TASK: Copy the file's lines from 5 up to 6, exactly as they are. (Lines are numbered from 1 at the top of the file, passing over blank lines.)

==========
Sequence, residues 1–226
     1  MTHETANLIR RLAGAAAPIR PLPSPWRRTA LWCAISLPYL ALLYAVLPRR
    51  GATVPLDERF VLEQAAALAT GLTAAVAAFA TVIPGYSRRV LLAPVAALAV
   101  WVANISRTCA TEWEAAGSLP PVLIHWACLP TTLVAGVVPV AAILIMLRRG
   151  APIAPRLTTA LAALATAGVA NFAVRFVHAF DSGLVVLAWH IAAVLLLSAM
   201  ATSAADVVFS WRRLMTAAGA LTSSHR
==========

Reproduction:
   151  APIAPRLTTA LAALATAGVA NFAVRFVHAF DSGLVVLAWH IAAVLLLSAM
   201  ATSAADVVFS WRRLMTAAGA LTSSHR